2011 43.4% 15.7%
2012 44.5% 15.8%

Hit the ball in the air, and hit it hard. It’s certainly working as intended. As a bonus, Hardy is chasing pitches out of the strike-zone way less often than he did last year (while also swinging at strikes more often than in the past, if still a below league average rate – that’s a great combo), so his 6.1% walk rate could actually have run to move up some. The main difference between last year and this year is that Hardy’s BABIP dropped from .273 to .240. Even that out and he’s actually improving on 2011’s 4.8 fWAR season. He keeps that up for a little while longer, and he could be worth his entire contract (3 years, $21 M), and perhaps a little extra, in each individual year of the deal. Seems good. (By the way, Jim Hoey has a 5.52 ERA in Triple-A… for the Blue Jays. Brett Jacobson has a 6.55 BB/9 in Double-A for Minnesota. Thanks Andy!)

Under-performers?

Nick Markakis – .245/.333/.434, -4 UZR, 0.2 fWAR

That fielding figure is largely what’s keeping Nick down, as his 110 wRC+ is actually higher than the 107 from 2011 (and 2009). The walks are up – an 11.5% rate would be his highest since 2008 – and so are the home runs (6, on pace for ~26, 17.6% HR/FB). I so very, very much want to believe that he can maintain both, especially since he’s taking more pitches (in and – especially – out of the zone) and striking out more (normally not good, but my theory for years has been that in an effort to cut down on his K’s, Nick started trying to just put the bat on the ball; thus his contact rate went up, as his strike-outs – but also his walks and power numbers – went down). Once his .261 BABIP improves – and there’s no real reason it shouldn’t – he could be hitting in the neighborhood of .280/.364/.476 (.306 BABIP) if everything else stays as-is (unlikely, but a fan can dream). Combined with a reasonably bad UZR (say, -7), and he could post his first 3+ win season since ’08. Not going to approach 6.3 fWAR with the fielding, but I’d take it at this point. More realistically, the walk and home run numbers fall off as the BABIP improves and he finishes at his “new normal” of 2+ wins.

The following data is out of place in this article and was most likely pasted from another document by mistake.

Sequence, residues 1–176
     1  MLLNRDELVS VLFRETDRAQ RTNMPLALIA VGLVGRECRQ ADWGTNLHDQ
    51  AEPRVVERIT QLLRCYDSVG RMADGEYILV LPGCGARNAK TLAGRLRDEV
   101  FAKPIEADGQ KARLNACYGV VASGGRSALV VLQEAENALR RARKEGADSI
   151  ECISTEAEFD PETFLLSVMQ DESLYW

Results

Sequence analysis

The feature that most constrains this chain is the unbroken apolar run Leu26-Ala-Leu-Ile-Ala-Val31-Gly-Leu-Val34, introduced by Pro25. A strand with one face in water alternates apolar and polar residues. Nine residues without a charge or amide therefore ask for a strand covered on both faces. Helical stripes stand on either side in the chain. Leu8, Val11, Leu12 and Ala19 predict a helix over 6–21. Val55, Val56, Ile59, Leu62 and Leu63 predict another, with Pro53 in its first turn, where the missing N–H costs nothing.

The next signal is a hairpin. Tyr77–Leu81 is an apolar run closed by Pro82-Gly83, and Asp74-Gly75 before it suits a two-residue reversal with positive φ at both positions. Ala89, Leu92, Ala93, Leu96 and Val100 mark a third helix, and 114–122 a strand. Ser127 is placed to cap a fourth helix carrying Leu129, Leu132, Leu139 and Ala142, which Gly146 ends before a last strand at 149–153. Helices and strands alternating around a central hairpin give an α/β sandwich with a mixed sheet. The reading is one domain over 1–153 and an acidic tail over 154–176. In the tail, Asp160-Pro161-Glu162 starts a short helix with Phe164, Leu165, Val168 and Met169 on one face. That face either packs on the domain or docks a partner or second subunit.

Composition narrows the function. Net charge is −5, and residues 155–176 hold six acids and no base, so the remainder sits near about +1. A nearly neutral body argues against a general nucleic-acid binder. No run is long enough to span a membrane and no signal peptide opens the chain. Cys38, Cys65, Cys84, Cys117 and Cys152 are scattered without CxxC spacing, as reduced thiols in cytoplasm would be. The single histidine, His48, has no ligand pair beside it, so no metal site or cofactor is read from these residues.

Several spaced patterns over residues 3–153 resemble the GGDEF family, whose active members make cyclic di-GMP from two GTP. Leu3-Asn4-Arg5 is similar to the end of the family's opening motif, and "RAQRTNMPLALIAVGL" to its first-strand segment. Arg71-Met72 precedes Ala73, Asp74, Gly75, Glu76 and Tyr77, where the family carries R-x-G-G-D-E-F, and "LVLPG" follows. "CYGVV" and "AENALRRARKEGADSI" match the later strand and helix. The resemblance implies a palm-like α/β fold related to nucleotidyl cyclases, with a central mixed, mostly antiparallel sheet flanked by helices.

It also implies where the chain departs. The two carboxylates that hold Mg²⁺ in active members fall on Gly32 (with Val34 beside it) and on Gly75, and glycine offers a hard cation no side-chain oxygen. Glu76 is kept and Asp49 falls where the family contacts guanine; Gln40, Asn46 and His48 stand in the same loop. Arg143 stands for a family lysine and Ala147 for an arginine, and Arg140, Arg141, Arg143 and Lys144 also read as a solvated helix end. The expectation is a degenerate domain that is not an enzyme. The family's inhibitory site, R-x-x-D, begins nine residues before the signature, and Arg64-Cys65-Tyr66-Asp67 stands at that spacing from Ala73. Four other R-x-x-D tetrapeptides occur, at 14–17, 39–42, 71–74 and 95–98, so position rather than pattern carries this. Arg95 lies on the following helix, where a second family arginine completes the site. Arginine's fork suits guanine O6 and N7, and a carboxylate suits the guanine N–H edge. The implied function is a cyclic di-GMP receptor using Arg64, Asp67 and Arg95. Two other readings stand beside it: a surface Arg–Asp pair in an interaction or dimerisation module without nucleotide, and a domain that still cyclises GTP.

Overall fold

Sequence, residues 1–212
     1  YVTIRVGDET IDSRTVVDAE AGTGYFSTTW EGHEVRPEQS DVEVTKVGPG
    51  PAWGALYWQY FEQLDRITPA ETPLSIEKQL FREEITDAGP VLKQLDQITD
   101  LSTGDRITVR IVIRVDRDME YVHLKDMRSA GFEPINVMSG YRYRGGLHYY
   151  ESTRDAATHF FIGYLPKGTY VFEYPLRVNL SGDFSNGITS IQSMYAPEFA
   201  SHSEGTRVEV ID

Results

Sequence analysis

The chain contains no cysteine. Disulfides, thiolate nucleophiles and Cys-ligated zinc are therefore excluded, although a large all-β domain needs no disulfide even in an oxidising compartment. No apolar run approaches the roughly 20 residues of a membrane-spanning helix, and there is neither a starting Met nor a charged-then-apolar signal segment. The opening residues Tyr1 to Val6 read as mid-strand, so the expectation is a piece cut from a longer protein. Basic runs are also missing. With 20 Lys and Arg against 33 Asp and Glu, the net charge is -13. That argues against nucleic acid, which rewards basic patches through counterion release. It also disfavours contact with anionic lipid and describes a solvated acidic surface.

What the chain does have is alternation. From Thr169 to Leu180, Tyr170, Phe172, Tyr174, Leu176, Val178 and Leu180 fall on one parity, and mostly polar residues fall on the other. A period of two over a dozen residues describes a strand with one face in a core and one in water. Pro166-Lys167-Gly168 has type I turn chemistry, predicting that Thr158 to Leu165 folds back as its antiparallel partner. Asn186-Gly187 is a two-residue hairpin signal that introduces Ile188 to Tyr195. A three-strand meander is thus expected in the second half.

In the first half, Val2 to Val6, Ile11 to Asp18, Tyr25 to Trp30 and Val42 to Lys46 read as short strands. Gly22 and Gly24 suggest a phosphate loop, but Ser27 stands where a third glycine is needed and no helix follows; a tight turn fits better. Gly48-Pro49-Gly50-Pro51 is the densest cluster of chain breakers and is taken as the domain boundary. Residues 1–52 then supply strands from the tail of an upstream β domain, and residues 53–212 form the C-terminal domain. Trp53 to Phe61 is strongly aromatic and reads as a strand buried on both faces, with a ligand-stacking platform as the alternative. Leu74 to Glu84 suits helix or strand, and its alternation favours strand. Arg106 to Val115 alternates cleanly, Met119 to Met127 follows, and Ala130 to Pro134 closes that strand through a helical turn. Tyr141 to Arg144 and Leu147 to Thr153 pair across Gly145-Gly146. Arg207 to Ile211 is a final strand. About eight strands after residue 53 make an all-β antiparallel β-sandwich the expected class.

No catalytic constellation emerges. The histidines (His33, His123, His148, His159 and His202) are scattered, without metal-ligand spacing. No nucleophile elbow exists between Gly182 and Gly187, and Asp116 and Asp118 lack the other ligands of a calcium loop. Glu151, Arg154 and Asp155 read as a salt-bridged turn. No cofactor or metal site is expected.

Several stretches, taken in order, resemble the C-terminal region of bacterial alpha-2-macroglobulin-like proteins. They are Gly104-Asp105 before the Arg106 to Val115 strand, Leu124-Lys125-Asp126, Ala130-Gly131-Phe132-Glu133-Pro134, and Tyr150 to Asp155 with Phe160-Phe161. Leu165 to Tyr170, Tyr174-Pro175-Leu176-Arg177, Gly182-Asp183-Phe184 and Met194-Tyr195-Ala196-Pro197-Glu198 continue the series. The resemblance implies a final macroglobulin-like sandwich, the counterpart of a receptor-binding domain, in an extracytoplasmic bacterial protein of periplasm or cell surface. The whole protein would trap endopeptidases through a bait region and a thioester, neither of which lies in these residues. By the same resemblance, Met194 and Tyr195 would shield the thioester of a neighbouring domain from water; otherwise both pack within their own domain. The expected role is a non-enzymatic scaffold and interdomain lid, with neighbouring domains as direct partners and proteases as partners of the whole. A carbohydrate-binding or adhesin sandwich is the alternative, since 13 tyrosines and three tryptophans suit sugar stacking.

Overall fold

Wilson Betemit – .228/.294/.435, -2 UZR, 0 fWAR

Having him play the field doesn’t really help, but once his .267 BABIP improves (.338 career) he should at least be OK at the plate (even if the 21.7% HR/FB rate doesn’t keep up).

Mark Reynolds – .191/.324/.337, -5 UZR, -0.5 fWAR

He’s walking a ton – career high 16.7% rate – but it looks like the rest of the team has stolen his power. Only 2 homers, and a 7.7% HR/FB rate. That will pick up at some point. The -5 UZR is brutal, but the -21 full season pace would still amazingly result in a 7 run improvement from 2011. Even if you want to be pessimistic and say he’s not even more than a replacement level anymore (which wouldn’t shock me, but seems overly harsh), that’s still much better than what they’ve seen so far.

So, quick and rough estimate of fWAR:

On pace for Finish more like Difference
Adam Jones 10 5.5 -4.5
Robert Andino 3.5 1.8 -1.7
Matt Wieters 7 5.5 -1.5
Chris Davis 1.7 0.7 -1
JJ Hardy 5 4.5 -0.5
Wilson Betemit 0 0.6 0.6
Nick Markakis 0.9 2 1.1
Mark Reynolds -2 0 2

That’s an almost 6 win swing, between the pace these guys are playing at, and the place they’re more likely to end up at. It’s actually funny how much of this is on Adam Jones. If he really is even close to this good, then that will be pretty amazing. There are questions about whether the O’s should try to extend or trade Jones this year, but that actually depends hugely on Jones himself; if he’s actually much better than he’s shown in previous years, then the O’s near-term outlook is a fair bit brighter and it makes sense to extend him if possible. If this is a mirage, and later this year or next year Jones goes back closer to what he has been – an above average, but merely solid player – then trading him could be fantastic (since the near-term outlook is worse, and you should be able to get more for Jones given his blistering start). That’s going to be a big decision for them, and if they guess wrong – trading superstar Jones and having to wait longer to be competitive, or signing solid Jones to a huge deal and then having that cause issues for them when they finally are ready to be truly competitive – it could be pretty bad for the team.

Overall, the offense hasn’t been playing too far over their heads, but unless they make up for the inevitable decline in home runs (they’re on pace for 254) by improving in other areas, they’ll probably end the year at slightly below average instead of above (currently sitting at 105 wRC+).

Part II – the pitching staff – goes up tomorrow.